A number of balanced translocations have been described in extranodal marginal zone lymphoma (ENMZL). The t(11;18) and variant t(14;18) which deregulate MALT1 are the commonest reported occurring in up to 40% of patients. The t(3;14) which deregulates FOXP1 is reported to occur in up to 10% of cases whilst the t(1;14) and t(14;19) which deregulate BCL10 and BCL3 respectively have been described in a variable proportion of patients. The purpose of this study was to evaluate the incidence of such abnormalities in the routine diagnostic setting in a geographically defined region of Northern England. We have therefore reviewed a series of 56 consecutive cases of presenting ENMZL, diagnosed between November 2003 and July 2006 in the Yorkshire and Humberside Haematology Network (YHHN), which serves a population of approximately 3.6 million. Diagnoses were made using WHO criteria. Presentation tissue included breast (2), gastric (29), colon (3), Conjuctiva/orbit (3), connective tissue/muscle (3), lung (2), parotid (2), salivary gland (2), thyroid (1), prostate (2), and skin (4). In 2 cases the site was unknown. All cases were investigated for MALT1 rearrangements with an alpha satellite 18 control (VYSIS 32-190055/D18Z1) using interphase FISH at the time of diagnosis. Cases with available biopsy material were further investigated for rearrangements of IgH, (VYSIS 32-191019), PAX5, BCL3 (DAKO Y5413 and Y5411) and FOXP1 (in-house probe). FISH was perormed on thin paraffin sections in 54/56 cases and on fresh tissue imprints in 2 cases. 6/56 (11%) cases demonstrated a rearrangement of MALT1, 5/6 were of gastric origin and 1 colonic. 16/56 (29%) cases demonstrated trisomy 18. 6/44 (14%) cases showed rearrangement of IgH (3/6 were unbalanced rearrangement with loss). In 1 of these cases (gastric) BCL3 was also rearranged, suggesting that this may represent a t(14;19)(q32;q13). 1 additional case (parotid) showed an unbalanced rearrangement of BCL3 with loss of the telomeric portion of the gene, giving a total of 2/30 (7%) cases with BCL3 abberrations. In the latter case no other abnormalities were demonstrated. A further 5 cases were suspicious for IgH rearrangements with a low level of cells (<10%) showing rearrangement. No cases were demonstrated to have rearrangement of PAX5 or FOXP1, but 6/32 (19%) cases showed 3 copies of PAX5 and similarly 7/30 (23%) had extra copies of FOXP1, consistent with complete or partial trisomy of chromosomes 9 and 3.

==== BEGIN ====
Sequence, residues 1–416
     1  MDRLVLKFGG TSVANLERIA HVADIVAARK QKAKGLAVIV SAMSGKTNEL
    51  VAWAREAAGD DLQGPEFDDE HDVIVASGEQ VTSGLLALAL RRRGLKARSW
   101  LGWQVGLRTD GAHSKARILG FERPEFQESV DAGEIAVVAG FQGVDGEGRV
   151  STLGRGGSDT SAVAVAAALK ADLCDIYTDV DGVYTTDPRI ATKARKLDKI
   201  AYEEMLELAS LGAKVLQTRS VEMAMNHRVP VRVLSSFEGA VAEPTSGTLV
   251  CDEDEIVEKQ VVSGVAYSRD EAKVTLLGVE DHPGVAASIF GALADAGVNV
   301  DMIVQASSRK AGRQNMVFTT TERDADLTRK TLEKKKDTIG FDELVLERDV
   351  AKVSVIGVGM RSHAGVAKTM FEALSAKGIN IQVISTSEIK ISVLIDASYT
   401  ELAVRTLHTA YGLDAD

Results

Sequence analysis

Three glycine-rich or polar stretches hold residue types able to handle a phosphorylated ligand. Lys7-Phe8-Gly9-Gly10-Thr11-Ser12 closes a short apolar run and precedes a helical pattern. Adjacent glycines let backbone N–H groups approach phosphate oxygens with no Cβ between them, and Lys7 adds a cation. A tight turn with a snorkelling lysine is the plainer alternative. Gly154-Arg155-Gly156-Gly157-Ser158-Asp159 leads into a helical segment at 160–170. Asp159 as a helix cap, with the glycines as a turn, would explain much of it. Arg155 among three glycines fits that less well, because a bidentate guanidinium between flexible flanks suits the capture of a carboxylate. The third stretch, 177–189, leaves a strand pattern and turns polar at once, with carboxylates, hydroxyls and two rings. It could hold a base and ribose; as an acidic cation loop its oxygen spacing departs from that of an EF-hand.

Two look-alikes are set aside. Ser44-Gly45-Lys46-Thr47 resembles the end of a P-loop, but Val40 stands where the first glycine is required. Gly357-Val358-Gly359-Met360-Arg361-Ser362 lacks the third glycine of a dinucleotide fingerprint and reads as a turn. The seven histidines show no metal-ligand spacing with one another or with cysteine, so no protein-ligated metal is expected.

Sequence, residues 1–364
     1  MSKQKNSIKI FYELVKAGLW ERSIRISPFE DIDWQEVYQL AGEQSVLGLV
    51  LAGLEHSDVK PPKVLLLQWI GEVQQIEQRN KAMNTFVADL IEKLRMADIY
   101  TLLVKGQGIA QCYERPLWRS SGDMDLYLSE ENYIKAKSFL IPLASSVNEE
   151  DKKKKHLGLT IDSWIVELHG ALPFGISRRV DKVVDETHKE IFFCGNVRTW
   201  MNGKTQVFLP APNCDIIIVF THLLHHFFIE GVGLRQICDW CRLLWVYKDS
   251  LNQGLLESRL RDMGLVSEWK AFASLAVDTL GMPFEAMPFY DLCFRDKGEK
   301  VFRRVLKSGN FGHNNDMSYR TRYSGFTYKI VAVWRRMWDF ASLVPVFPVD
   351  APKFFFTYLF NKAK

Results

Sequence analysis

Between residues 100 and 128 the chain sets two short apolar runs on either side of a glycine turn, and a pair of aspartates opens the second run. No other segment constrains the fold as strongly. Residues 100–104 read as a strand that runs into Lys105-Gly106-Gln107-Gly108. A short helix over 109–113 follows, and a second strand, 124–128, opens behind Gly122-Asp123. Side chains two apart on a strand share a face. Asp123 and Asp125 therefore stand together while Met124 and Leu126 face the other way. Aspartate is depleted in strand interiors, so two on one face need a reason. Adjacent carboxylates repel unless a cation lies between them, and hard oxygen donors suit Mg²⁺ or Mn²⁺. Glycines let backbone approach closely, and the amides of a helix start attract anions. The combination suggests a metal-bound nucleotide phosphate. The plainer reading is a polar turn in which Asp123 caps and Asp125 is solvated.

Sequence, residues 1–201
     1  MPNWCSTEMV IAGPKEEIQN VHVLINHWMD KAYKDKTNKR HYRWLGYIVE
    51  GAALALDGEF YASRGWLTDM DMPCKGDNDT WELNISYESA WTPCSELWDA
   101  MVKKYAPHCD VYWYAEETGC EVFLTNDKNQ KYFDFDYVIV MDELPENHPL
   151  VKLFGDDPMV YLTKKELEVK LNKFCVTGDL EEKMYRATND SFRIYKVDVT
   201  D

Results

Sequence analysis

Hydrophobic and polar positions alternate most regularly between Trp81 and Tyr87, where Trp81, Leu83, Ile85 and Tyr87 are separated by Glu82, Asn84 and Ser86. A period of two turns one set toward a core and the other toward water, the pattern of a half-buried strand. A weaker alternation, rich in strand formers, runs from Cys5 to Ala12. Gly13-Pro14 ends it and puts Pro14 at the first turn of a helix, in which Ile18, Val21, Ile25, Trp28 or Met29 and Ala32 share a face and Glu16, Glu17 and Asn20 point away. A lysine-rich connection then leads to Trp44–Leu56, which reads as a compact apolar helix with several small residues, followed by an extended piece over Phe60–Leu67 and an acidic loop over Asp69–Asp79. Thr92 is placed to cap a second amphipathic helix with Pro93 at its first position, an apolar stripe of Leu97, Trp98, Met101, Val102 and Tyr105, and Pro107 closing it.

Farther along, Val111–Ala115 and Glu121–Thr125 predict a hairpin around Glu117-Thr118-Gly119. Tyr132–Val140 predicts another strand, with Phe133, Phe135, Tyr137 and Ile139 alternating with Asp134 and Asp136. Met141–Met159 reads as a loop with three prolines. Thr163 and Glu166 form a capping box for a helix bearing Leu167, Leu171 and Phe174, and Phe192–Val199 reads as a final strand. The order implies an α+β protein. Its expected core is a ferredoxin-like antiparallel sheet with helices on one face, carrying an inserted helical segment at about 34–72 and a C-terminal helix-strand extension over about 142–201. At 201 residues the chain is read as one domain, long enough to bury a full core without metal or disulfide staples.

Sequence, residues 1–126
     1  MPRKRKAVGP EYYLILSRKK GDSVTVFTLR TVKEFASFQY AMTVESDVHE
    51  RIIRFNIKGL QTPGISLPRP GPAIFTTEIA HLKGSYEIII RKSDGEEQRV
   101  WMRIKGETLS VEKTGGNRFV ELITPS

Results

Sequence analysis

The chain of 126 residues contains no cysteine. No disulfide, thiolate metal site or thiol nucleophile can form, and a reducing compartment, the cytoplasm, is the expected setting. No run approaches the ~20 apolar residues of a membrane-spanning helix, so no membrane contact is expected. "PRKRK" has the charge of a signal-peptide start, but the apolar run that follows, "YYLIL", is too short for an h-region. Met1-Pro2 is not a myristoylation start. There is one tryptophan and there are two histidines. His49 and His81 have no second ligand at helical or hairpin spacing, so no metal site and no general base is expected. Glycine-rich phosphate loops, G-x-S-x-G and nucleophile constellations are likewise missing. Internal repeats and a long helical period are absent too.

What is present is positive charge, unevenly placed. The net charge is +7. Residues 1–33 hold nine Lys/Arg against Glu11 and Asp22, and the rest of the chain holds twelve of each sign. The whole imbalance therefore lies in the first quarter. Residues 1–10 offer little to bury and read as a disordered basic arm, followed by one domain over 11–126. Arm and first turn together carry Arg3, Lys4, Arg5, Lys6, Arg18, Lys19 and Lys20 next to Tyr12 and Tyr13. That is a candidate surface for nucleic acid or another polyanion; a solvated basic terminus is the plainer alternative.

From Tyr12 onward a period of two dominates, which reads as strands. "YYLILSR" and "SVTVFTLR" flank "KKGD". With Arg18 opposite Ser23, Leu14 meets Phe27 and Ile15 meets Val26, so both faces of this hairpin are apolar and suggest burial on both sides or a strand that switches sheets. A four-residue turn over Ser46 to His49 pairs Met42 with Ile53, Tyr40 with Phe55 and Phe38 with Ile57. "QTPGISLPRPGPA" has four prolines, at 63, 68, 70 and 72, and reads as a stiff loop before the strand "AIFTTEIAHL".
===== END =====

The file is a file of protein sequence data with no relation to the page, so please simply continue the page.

The incidence of MALT1 rearrangements in this study is significicantly lower than most published series. The reasons for this apparrent discrepancy is unclear at present but this study represents a consecutive series of patients presenting in a defined UK cancer network and is therefore free from any referral bias. We similarly failed to demonstrate rearrangements of either FOXp1 or PAX5. Rearrangement of BCL3 was however demonstrated but at low frequency. It is clear that although significant advances have been made in our understanding of the pathobiology of ENMZL the underlying cytogenetic defect remains unknown in the majority of patients.

Disclosure: No relevant conflicts of interest to declare.

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